The racing world felt a little stunned when Kentucky Derby winner Rich Strike’s trainer announced that he would be bypassing the Preakness Stakes in order to rest his horse and point for the Belmont Stakes.
Fans were understandably shocked. Although Kentucky Derby winners are not required to enter the Preakness, the majority automatically point toward it. The only two instances in the twenty-first century where a Kentucky Derby winner did not enter the Preakness were in 2019 and 2021.
Both of those years came on the backs of controversial Derbies involving the first place finisher being disqualified; indeed, when Mandaloun’s trainer Brad Cox elected to opt-out of the Preakness, he was not yet known to be the official 2021 Kentucky Derby winner.
Many racing fans have been debating the wisdom of Eric Reed’s choice. While of course Reed’s decision has already been confirmed and we of the racing public have no influence on the training of his horse, we can look at a few factors which may have affected the choice. On one hand…
While the Kentucky Derby has the richest winning purse of any of the Triple Crown races, the Preakness also offers more than a million dollars in prize money. Major training operations such as those run by Todd Pletcher and Steve Asmussen are regularly involved with the richest races on the planet, but Eric Reed is a small-time trainer.
Rich Strike was one of two graded stakes winners Reed has ever trained. Network television may show the glitz and glamor of racing’s grandest events, but for everyday trainers based at obscure tracks, the opportunity to run for a seven-figure prize may be life- and career-changing.
In addition to prize money, a win in the Preakness Stakes along with the Kentucky Derby would make Rich Strike potentially a very valuable stallion prospect after he retires from racing. Colts with multiple grades I wins are highly sought after a stud, and Triple Crown race winners even more so.
The competition as a stallion is quite fierce, particularly when considering that Rich Strike does not have the most spectacular bloodlines (being by Keen Ice, who stands for a mere $7500), but winning at least two-thirds of the Triple Crown.
Put simply, many racing fans believe Rich Strike to be a fluke, and a product of the hot Kentucky Derby pace falling apart. A good follow-up race in the Preakness would stamp Rich Strike as a legitimate leader of his division, and earn him the respect of the racing audience.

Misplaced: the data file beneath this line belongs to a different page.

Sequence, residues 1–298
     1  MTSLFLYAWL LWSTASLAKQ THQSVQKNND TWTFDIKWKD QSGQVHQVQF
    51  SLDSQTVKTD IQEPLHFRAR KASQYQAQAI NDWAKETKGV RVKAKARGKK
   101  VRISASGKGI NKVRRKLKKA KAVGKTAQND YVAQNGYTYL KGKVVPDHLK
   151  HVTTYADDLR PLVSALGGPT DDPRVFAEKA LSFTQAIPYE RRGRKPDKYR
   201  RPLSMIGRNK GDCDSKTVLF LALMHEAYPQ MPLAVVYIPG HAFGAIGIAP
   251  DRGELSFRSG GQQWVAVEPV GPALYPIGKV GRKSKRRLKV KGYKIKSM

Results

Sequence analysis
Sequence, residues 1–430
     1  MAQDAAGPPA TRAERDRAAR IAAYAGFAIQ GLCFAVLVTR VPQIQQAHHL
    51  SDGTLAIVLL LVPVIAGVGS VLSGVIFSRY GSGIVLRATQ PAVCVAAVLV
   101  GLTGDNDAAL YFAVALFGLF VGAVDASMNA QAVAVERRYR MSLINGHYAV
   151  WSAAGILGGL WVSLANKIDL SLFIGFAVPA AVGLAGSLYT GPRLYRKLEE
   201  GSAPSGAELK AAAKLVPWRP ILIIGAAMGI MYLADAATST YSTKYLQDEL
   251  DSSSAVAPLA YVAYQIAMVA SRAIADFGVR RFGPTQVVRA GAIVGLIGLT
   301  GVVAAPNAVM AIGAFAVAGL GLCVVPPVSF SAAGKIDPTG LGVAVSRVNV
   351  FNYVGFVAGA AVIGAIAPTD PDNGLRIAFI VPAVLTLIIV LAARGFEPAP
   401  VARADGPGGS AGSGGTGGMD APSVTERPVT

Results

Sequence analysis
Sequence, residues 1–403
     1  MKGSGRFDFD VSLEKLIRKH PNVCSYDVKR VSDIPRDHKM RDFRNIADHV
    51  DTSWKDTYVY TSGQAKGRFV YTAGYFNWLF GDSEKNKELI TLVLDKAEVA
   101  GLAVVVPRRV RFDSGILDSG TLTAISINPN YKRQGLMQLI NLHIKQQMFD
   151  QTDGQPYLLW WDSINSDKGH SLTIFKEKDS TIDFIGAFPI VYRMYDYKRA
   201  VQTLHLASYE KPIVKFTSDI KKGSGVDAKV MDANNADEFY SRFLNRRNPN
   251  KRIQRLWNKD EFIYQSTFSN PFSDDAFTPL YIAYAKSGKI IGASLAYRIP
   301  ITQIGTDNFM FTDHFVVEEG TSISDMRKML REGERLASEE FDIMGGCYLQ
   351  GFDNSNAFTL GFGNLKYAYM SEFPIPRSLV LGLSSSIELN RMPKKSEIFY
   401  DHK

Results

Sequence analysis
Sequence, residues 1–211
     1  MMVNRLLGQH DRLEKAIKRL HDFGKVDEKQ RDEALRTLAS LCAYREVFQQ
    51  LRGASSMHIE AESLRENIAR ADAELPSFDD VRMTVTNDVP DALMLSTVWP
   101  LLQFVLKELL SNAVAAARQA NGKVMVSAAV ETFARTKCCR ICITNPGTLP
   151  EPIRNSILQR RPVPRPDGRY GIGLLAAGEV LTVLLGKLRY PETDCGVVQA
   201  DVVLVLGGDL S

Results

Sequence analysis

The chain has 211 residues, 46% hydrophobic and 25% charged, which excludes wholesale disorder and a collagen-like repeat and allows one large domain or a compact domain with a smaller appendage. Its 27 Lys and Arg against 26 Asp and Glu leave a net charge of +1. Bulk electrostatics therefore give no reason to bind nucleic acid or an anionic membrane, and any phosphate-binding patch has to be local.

On The Other Hand…
Epicenter, the Kentucky Derby runner-up and post-time favorite, looks to re-establish himself as the top three-year-old in the Preakness. He will be joined by Simplification, who closed well to finish fourth in the Derby; Early Voting, whose speed figure in the Wood Memorial was higher than most others recorded by three-year-olds this spring; and Secret Oath, the dominant Kentucky Oaks winner. The competition looks to be slight in number but heavy in quality, and Early Voting’s additional weeks of rest make him an especially bold threat.
There is no doubt that the pace scenario in the Kentucky Derby unfolded in a way that favored a deep closer like Rich Strike. Summer is Tomorrow set incredibly fast early fractions, and Crown Pride, Zozos, and Messier sizzled along with him.
Although the Preakness will not be void of speed, considering that Early Voting is a confirmed front runner and Epicenter has been known to lay close to the pace, the pace setup at Pimlico is unlikely to be as tailor-made for a horse with Rich Strike’s running style as the Derby was.
This is, perhaps, the most important factor at play. Trainer Eric Reed, in his announcement, stated that he wants to do best by his horse. Rich Strike’s races have been fairly well spaced out throughout his career, and Reed knows him better than anyone.
He is keeping an eye on his horse’s future, both in terms of getting into the 2022 Belmont Stakes odds by TwinSpires, as well as later success, health, and safety.
Would Rich Strike have been able to win the Preakness and take Triple Crown glory? That is a question that we will never have the answer to; however, in keeping his horse’s well-being in mind, Reed may well be set up to show, later on down the road, what Rich Strike is really capable of.
Photo Credits: Rich Strike, ridden by Sonny Leon, crosses the finish line to win the 148th Kentucky Derby at Churchill Downs in Louisville, Kentucky, U.S. May 7, 2022. REUTERS/Amira Karaoud